• Seems there is no magical solution to this. Haha but thank you for the tips! We'll just keep working on it
    – Bobo
    Commented Jul 14, 2014 at 23:56

This is pretty normal for siblings, and there are a lot of factors in play. The toy somebody plays with always seems more interesting. There is a book Siblings without Rivalry which discusses it in details. I would suggest to do the following:

  1. Establish ownership. Each kid does not have to share his toy (of course, they can be asked, but don't insist). If Alex does not want his brother to play with his toy he should play with it somewhere out of site. if he does not want to play with it out of site, then the kids have to resolve the conflict themselves or you take it from them. When Alex wants to play with Ben's toys remind him that Ben does not play with Alex's toys and suggest Alex to figure out how to exchange it for something else.
  2. If there is a conflict because of shared toy, first let them resolve themselves. If they can't, take it away.
  3. If this is a baby toy, but it used to be Alex's toy, it is still Alex's toy in his mind most likely. So keep it in mind.
  4. Let the kids to workout conflicts themselves as much as possible.
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    I agree with letting kids try to resolve conflicts themselves, except that in my case I am talking about a ten month old. He really won't be able to resolve any conflicts since the older one will always win by strength here.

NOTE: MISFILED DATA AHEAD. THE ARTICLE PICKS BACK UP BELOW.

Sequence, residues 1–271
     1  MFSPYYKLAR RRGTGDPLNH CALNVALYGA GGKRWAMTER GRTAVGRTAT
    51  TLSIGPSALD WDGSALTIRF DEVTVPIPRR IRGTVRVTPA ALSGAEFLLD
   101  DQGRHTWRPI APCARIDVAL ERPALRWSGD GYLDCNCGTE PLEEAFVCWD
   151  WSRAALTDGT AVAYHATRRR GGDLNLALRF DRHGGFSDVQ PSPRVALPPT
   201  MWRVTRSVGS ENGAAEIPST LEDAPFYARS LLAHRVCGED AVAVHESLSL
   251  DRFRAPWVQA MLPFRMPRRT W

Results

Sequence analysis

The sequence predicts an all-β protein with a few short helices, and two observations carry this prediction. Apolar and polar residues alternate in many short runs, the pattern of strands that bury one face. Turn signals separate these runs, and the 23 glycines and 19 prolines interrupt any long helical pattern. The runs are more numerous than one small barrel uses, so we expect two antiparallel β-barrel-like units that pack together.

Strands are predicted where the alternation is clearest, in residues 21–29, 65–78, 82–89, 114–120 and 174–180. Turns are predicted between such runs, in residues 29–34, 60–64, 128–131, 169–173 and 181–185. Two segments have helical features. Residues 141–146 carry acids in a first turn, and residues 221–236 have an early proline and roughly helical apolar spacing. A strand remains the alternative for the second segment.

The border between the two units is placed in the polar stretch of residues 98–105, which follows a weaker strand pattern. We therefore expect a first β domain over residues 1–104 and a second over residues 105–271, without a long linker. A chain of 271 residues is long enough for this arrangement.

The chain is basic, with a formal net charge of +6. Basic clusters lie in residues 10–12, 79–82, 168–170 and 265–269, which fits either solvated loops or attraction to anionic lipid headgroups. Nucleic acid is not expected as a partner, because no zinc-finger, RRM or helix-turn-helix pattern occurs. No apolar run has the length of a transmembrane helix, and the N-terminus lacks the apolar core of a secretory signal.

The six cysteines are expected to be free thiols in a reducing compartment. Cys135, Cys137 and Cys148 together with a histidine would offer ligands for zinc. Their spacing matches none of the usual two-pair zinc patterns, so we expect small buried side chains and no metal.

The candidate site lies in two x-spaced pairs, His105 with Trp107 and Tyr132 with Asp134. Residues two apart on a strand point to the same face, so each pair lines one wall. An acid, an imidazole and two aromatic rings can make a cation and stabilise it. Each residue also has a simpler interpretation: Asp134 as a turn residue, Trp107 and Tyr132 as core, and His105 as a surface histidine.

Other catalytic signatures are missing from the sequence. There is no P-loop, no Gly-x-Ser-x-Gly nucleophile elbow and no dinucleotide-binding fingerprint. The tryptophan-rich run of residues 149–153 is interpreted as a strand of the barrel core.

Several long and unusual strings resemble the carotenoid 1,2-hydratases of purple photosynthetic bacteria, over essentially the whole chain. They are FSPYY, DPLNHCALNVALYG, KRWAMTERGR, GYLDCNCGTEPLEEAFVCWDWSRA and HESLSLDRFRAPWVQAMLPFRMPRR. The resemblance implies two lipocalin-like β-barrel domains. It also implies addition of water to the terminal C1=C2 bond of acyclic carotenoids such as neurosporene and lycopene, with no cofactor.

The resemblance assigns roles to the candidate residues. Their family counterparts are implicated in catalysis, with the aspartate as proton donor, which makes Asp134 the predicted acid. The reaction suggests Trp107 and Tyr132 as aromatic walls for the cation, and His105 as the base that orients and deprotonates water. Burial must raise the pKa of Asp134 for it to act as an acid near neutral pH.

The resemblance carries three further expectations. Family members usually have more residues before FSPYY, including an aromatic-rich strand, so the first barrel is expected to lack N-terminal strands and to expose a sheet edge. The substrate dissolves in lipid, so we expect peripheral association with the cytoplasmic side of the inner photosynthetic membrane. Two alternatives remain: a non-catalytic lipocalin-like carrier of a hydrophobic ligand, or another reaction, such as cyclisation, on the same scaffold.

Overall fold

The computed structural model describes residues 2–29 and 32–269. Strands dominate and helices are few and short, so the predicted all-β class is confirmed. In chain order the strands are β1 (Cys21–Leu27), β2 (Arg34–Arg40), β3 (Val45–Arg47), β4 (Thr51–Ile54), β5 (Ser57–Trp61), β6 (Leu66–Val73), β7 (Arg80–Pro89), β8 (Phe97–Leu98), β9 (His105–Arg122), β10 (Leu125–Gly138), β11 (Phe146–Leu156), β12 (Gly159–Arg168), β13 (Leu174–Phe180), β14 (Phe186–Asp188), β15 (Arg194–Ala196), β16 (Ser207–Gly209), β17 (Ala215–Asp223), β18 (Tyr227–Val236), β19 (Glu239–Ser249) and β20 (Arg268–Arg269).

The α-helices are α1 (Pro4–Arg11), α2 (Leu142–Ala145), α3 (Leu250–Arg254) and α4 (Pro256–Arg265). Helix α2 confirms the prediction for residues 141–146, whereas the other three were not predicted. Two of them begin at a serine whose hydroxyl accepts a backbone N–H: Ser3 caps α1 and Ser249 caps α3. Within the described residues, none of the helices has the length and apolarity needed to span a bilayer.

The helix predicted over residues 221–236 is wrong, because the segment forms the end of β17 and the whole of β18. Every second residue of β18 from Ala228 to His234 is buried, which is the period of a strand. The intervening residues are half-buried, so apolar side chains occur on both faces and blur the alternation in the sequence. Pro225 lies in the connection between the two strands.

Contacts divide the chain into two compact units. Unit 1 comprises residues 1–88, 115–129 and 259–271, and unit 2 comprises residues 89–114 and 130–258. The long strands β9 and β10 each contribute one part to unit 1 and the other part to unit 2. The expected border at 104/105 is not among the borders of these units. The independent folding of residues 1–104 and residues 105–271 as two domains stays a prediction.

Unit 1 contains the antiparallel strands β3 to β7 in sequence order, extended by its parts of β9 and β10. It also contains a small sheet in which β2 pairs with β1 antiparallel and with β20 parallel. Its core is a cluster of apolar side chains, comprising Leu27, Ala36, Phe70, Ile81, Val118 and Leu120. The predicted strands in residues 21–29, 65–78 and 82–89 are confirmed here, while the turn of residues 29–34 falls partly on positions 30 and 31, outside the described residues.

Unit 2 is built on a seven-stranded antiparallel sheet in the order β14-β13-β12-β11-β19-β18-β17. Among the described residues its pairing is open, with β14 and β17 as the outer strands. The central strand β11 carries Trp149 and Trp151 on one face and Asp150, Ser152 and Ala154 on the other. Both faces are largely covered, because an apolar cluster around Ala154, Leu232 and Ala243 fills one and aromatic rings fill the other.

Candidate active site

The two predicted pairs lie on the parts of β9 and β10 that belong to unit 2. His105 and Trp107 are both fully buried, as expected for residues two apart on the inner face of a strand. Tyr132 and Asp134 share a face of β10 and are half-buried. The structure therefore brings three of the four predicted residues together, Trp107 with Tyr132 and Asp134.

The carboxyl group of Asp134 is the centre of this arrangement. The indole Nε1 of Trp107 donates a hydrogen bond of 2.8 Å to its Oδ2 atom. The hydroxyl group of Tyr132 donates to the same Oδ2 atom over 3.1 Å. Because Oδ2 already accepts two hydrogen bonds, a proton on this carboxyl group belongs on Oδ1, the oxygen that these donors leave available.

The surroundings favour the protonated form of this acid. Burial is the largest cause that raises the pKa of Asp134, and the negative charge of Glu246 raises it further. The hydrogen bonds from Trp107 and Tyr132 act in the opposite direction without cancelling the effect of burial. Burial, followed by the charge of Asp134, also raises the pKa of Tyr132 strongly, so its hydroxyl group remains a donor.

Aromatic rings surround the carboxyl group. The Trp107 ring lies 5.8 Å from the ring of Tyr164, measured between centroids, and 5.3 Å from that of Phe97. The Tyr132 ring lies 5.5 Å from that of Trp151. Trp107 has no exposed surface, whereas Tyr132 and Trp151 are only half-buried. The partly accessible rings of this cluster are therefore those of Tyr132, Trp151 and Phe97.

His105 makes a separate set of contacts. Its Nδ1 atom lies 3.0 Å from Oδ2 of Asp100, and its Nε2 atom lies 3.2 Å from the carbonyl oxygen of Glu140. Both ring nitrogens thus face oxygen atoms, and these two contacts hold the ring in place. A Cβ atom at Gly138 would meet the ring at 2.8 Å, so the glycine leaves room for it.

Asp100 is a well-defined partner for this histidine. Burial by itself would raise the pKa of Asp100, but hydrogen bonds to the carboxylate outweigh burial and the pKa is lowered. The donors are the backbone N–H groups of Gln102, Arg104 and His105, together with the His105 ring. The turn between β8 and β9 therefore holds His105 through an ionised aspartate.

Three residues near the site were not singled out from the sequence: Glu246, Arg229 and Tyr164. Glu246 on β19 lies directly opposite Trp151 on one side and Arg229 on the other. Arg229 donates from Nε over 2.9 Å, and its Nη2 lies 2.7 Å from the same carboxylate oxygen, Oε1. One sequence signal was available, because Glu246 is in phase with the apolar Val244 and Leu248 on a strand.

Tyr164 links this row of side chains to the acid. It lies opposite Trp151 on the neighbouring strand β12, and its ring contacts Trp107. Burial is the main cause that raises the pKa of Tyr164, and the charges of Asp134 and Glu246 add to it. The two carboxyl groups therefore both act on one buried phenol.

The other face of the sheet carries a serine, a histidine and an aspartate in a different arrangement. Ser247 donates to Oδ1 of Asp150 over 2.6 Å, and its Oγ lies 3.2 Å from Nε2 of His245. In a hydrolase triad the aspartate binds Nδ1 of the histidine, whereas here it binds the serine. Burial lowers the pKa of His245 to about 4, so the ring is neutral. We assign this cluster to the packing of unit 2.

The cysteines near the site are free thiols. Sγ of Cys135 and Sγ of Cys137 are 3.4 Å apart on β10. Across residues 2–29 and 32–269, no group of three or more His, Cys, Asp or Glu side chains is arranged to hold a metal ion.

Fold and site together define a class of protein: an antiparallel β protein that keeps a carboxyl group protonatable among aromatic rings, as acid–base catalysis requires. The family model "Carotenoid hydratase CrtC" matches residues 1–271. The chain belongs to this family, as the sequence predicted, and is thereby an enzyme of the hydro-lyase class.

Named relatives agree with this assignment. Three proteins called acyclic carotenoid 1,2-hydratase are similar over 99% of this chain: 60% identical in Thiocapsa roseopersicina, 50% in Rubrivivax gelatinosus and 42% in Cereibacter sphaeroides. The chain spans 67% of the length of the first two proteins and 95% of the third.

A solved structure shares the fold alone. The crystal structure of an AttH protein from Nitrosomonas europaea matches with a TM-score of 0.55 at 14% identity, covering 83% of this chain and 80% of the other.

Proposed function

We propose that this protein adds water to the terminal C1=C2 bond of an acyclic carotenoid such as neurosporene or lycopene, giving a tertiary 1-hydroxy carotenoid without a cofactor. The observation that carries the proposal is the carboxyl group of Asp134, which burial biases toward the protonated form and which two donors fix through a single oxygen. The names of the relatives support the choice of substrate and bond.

– Bobo
    Commented Jul 8, 2014 at 15:52
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    Allowing children to resolve the problem teaches them how to solve independently, without parental intervention. Parents can offer guidance if toddlers don't know where to start. Teach them patience. Commented Dec 1, 2015 at 0:54

We have a similar set of boys (3 and 15 months), and the way we dealt with it, in addition to largely following Ida's advice above, was to emphasize to the older boy that the younger boy needs toys, also. Largely this comes in two flavors:

  • The older boy is playing with a large set of toys (cars, trains, etc.), where there are numerous individual elements. The younger boy wants one. We remind the older boy that he has a lot of cars/trains/etc., and that if his younger brother wants one, he needs to share. If the specific item is particularly valuable to him, we remind him that he can offer to trade a different equivalent item with his younger brother; a 15 month old usually doesn't care which car he has so long as he has one.
  • The older boy is playing with something (say, blocks) in the middle of the floor, and the younger boy keeps pestering him and taking things. We remind the older boy that if he wants to play with his things unmolested, he should find a more out of the way location to play. If he is going to play in the middle of things, his younger brother is allowed to play as well with the toy.

These both work fairly well now, the first better than the second, probably due to time (we have been doing it longer). He usually comes up with trades on his own now, although it's still challenging. I anticipate it being challenging for another year or two, until his younger brother has better social and communication skills, but it's usually manageable.